Rugby: How it started – possibly!
Rugby, or so the story goes, started at Rugby School in the English county of Warwickshire when, in 1823, William Webb Ellis changed the nature of sport forever by “picking up the ball and running with it.”
Rugby football, as opposed to association football, was born.
William Webb Ellis’s contribution to the creation of the game of rugby is nowadays enshrined by the contest, every four years, for the William Webb Ellis trophy, the glittering prize for the winners of the Rugby World Cup.
But, however enticing a yarn Webb Ellis is, all corners of the globe can lay some claim to moulding a game that evolved into rugby. The Romans, the Chinese, the Egyptians and the Mexicans all have records of some form of ball game.
And here in Scotland, towns and communities, would fiercely contest ba’ games, going as far back as the 18th century. Ba’ games between parts of towns and villages – usually the Uppies v the Doonies – are as much a part of life in communities like Jedburgh and Kirkwall today, as they were back in the mists of time.
The 200th anniversary of the Carterhaugh Ba’ game – was celebrated in the Yarrow Valley in the Borders in 2015.
The first ba’ game there in 1815 was organised by the renowned Scottish author, Sir Walter Scott, the Ettrick Shepherd, poet James Hogg and the fourth Duke of Buccleuch, and was accompanied by pipes, banners and “wild celebrations”, as some 1,000 men participated in the game between Selkirk and Yarrow.
Rugby in Scotland also owed a huge debt of gratitude to the schools and universities, which spawned former pupil clubs. Edinburgh Accies (1858), Merchistonians (1860), West of Scotland (1865) and Glasgow Accies (1866) played a key role in devising the game’s first laws – known as the Green Book. All of these clubs pre-dated the formation of the then Scottish Football Union in 1873.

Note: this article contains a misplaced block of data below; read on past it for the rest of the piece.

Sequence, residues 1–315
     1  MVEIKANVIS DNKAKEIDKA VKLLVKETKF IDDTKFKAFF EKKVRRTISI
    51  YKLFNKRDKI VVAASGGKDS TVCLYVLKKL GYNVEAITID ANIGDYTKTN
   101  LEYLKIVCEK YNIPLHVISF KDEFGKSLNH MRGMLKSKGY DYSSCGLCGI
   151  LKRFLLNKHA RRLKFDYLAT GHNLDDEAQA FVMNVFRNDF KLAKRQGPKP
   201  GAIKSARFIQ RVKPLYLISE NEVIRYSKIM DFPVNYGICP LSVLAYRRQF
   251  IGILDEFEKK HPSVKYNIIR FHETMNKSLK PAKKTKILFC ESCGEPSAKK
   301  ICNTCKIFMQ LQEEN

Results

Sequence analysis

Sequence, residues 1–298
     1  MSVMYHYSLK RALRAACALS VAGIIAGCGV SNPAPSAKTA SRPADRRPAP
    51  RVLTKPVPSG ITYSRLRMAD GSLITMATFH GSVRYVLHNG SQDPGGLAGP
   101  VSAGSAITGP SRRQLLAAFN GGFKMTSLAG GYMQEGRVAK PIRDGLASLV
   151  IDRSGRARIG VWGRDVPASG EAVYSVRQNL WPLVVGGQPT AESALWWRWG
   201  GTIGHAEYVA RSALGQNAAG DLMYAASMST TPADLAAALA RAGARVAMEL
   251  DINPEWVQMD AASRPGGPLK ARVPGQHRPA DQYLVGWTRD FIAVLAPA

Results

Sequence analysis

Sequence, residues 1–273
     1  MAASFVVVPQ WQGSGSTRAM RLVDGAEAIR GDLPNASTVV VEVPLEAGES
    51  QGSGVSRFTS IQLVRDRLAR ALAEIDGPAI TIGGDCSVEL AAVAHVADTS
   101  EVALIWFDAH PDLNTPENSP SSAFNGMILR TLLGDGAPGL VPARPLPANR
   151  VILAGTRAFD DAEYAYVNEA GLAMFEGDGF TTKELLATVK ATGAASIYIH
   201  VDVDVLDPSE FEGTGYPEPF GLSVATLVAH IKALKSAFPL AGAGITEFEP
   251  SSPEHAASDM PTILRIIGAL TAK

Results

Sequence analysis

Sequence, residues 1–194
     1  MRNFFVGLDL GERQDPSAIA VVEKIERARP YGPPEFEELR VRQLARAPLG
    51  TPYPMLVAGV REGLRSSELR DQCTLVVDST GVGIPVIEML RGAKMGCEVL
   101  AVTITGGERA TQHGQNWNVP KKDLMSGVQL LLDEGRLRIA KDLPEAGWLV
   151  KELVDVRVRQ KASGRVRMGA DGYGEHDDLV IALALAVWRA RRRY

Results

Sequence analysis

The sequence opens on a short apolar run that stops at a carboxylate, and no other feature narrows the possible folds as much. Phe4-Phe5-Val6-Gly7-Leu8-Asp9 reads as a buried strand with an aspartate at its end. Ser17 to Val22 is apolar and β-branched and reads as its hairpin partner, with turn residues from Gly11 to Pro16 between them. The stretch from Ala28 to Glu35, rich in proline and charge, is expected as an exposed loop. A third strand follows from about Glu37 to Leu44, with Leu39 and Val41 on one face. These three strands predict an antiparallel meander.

The meeting to consider the formation of a Union in Scotland was held immediately following the third ever rugby international, another Scotland v England affair.
The matches in 1871 and 1872 had been won by the host nation – Scotland at Raeburn Place in 1871, England at Kennington Oval in 1872 – so as a warm-up for such erudite discussion the 1873 match ended with a far from appetising scoreless draw.
It was not without controversy, however. Contemporary reports say that heavy rain fell on the morning of the game and the pitch was the proverbial quagmire.
The English team wanted to improve their footing so sent their boots to a local cobbler to have leather bars fixed to the soles to enhance adhesion to the surface. Perhaps gamesmanship was (excuse me) afoot (!) not all the boots were returned and the story goes that a number of the English team, including their star back, C W Boyle of Oxford University, had to play wearing one boot and one dress shoe!
The post-match affair featured lavish hospitality, clearly enjoyed by one member of England’s pack who was said to have been found by some of his team-mates around mid-night, driving a local mail carriage around the streets of Glasgow – a whole new definition to being posted missing.
That 1873 meeting did mark the genesis of what became the SRU with Edinburgh Accies, Glasgow Accies, Merchistonians, Royal High School FP, West of Scotland, Edinburgh University, St Andrews University and Glasgow University the founder member clubs.